- An Opinium poll for The Observer newspaper shows the Conservative party has more than doubled its lead over main opposition Labour.
- Conservatives at 45% versus Labour at 26%.
- Liberal Democrats gain ground, reaching 11%.
A victory for the ruling Conservative party in the general election on June 8 this year seems unstoppable, according to the latest poll to fall in a long line showing increasing support for the Tories.
Opinium conducted an online poll for The Observer newspaper which surveyed 2,003 adults in Britain over the age of 18 on April 19 and 20, 2017. The results, which were weighted to representative criteria, showed that the Tories were up by 7 points, reaching 45%. Support for Labour dropped by 3 points to 26%.
The Liberal Democrats saw a four point rise to reach 11%.
This means that the Conservative party has more than doubled its lead over Labour since Prime Minister Theresa May called for a snap general election on April 18. The Observer said that "if replicated on polling day, [this] could secure a Commons majority for May of around 100 seats."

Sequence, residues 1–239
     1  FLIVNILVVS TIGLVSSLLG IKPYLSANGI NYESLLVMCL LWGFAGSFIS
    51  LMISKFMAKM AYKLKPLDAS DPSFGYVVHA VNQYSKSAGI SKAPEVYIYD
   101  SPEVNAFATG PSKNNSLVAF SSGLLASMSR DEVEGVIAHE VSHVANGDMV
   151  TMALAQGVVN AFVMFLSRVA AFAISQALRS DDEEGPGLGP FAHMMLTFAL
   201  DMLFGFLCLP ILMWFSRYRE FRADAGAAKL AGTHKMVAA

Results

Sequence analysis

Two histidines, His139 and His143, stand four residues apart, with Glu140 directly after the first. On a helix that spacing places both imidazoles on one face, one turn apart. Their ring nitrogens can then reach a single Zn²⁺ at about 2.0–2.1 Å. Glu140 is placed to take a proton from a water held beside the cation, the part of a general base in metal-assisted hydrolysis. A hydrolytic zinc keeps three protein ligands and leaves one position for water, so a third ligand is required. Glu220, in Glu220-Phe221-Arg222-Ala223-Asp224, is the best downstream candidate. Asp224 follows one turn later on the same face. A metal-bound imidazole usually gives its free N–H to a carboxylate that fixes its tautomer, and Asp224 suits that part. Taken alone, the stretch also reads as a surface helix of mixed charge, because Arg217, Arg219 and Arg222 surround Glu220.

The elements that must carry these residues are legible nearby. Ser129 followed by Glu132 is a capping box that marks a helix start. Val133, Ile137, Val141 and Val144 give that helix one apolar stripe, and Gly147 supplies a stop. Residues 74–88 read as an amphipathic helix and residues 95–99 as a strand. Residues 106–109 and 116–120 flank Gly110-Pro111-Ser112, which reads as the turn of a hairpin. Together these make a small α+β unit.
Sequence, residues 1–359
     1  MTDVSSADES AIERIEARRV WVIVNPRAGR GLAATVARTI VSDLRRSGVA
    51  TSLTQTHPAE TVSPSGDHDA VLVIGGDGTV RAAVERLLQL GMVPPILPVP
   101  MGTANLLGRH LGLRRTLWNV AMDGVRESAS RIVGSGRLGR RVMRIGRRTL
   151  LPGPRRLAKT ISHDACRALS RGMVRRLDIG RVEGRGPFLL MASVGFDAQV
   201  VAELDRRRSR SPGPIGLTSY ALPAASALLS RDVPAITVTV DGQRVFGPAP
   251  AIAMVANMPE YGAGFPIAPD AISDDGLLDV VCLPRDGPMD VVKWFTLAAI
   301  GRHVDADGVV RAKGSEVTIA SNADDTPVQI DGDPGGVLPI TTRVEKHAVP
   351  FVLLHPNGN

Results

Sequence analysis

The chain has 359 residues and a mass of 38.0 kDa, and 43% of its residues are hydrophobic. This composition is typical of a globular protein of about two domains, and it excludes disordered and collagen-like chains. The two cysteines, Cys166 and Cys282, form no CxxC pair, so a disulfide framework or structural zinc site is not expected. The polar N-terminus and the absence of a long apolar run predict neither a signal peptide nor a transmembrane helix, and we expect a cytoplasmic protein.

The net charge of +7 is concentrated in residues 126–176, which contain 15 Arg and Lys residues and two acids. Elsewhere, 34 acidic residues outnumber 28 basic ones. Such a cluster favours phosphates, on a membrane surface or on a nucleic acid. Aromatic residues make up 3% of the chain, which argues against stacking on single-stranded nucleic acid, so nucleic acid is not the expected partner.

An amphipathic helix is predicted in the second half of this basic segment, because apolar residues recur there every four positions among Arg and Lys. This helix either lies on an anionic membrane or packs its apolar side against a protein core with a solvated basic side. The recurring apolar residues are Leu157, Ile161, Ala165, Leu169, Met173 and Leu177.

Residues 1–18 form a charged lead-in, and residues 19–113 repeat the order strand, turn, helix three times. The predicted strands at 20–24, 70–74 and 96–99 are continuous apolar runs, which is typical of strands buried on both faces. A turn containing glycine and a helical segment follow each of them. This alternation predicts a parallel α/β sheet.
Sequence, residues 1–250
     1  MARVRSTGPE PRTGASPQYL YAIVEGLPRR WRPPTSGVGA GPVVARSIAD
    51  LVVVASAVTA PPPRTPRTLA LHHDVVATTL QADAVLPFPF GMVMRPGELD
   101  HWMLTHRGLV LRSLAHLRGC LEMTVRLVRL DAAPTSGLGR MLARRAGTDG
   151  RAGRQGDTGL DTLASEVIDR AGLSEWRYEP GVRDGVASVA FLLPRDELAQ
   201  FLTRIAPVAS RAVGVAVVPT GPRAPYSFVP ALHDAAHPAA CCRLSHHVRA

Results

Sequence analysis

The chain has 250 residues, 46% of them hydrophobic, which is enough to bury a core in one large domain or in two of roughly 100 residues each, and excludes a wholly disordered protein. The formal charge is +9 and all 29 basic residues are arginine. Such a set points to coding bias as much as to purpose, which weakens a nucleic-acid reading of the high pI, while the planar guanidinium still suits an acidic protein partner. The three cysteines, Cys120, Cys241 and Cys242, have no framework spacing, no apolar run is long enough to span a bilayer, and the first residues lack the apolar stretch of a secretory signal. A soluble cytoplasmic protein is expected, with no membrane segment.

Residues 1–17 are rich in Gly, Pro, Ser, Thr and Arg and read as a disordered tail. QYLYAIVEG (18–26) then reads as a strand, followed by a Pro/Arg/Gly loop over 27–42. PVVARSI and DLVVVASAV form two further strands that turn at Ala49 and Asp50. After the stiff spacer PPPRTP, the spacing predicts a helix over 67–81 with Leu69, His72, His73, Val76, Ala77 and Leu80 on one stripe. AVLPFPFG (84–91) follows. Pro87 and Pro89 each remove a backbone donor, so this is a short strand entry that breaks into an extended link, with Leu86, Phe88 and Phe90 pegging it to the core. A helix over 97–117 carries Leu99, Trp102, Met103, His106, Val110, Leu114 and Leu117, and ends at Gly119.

Approval for May as a leader is leagues ahead, compared to Corbyn. The poll shows that 49% of all voters approve of the way May runs the country. Only 18% approve of Corbyn’s leadership.
This is the latest in a growing line of polls that show that the Conservatives, and May as a leader, are increasing and maintaining a big gap in support from potential voters.
For example, before May called for the snap election, a YouGov survey published on Sunday night showed that 44% of Brits intends to vote for the Tories at the next election, up 2% on the company's last poll. 23% of respondents said they plan to vote Labour. Labour would need a massive shift in public sentiment to win a June election, these polls suggest.
The Times and The Telegraph also published data after the call for the election which said pollsters expect the Tories to win by a 100 seat majority. Meanwhile financial spread betting firm IG Market predicted the amount of seats each party will win as follows:
- Conservatives — 370 seats (gain of 40 seats on current Parliament make up)
- Labour — 177 seats (loss of 52 seats)
- Liberal Democrats — 34 seats (gain of 25 seats)
- Scottish National Party — 50 seats (loss of 4 seats)
- UKIP — 1 seat
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